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The “voices” of Joan of Arc and epilepsy with auditory features

  • Giuseppe d'Orsi
    Correspondence
    Corresponding author at: Department of Neurological Sciences, Epilepsy Centre, — Clinic of Nervous System Diseases, University of Foggia, Ospedali Riuniti, Via Luigi Pinto 1, 71100 Foggia, Italy. Tel.: +39 0881 736125; fax: +39 0881 732553.
    Affiliations
    Epilepsy Centre, — Clinic of Nervous System Diseases, University of Foggia, Ospedali Riuniti, Foggia, Italy
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  • Paolo Tinuper
    Affiliations
    IRCCS Institute of Neurological Sciences of Bologna, Italy

    Department of Biomedical and Neuromotor Sciences, University of Bologna, Bologna, Italy
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      Inspired by mysterious “voices” and visions, Joan of Arc led the French army during the Hundred Years' War, and some medical researchers have been tempted to explain the mystery of her “voices” as the result of epileptic seizures. In particular, Foote-Smith and Bayne [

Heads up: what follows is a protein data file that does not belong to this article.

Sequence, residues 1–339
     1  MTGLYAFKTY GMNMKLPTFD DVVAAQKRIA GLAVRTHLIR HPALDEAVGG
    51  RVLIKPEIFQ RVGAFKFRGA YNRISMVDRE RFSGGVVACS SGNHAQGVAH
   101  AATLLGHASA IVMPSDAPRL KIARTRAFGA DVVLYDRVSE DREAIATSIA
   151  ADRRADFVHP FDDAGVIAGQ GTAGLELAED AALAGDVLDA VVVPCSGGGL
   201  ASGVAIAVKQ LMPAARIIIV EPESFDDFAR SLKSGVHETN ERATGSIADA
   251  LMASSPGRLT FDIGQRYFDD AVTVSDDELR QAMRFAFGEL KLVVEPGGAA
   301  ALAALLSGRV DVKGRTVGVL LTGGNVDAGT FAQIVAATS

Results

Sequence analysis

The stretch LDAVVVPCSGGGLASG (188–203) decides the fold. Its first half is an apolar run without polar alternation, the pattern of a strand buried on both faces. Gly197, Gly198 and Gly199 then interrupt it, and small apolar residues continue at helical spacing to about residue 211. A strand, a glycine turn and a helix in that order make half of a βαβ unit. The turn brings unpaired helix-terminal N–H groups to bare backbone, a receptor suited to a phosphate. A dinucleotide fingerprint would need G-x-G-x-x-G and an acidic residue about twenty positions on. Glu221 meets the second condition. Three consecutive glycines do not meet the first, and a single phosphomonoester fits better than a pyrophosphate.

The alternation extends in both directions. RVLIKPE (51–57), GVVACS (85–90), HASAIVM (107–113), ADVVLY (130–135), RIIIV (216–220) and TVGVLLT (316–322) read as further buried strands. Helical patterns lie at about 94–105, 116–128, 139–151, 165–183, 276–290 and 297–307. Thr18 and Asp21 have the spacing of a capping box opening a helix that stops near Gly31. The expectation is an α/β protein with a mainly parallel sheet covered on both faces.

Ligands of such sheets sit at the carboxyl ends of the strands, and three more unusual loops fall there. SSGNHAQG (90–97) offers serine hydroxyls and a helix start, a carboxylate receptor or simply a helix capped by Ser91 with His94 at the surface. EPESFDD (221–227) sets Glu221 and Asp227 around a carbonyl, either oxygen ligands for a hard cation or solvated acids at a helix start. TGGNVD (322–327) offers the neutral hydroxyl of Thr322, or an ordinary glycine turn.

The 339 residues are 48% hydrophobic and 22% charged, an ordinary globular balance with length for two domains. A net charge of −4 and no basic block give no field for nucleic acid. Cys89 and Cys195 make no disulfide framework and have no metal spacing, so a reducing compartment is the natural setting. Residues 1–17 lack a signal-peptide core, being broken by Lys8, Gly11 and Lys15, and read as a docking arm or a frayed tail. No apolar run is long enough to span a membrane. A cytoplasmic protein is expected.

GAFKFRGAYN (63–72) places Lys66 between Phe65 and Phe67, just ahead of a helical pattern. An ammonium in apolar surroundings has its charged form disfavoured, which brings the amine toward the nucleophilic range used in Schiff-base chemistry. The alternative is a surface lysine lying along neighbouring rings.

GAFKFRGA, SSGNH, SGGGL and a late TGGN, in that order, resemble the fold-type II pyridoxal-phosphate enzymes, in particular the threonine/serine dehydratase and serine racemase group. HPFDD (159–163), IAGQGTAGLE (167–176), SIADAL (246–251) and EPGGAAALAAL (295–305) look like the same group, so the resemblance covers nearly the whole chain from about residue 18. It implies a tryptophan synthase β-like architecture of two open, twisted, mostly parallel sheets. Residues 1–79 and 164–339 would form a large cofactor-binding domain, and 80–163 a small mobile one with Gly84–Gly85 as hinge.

• Foote-Smith E.
      • Bayne L.
      Joan of Arc.
      ] suggested in 1991 that the “voices”, visions, and convictions may, in part, be considered ecstatic epileptic auras, as in the case of Dostoevsky. After a strictly semiologic study, focusing on symptoms and possible trigger factors obtained from the documentation of her Trial of Condemnation, we first hypothesized in 2006 [
      • d'Orsi G.
      • Tinuper P.
      I heard voices…”: from semiology, a historical review and a new hypothesis on the presumed Joan of Arc's epilepsy.
      ] that the “voices” of Joan of Arc were probably auditory epileptic hallucinations and an expression of an epileptic syndrome named idiopathic partial epilepsy with auditory features (IPEAF) [
      • Bisulli F.
      • Tinuper P.
      • Avoni P.
      • et al.
      Idiopathic partial epilepsy with auditory features (IPEAF): a clinical and genetic study of 53 sporadic cases.
      ]. Recently, Nicastro and Piccard [
      • Nicastro N.
      • Picard F.
      Joan of Arc: sanctity, witchcraft or epilepsy?.
      ] and Kamtchum-Tatuene and Fogang [
      • Kamtchum-Tatuene J.
      • Fogang Y.
      Comment on Joan of Arc: sanctity, witchcraft or epilepsy?.
      ] have debated on Joan of Arc “voices”, supporting and refuting, respectively, our hypothesis.
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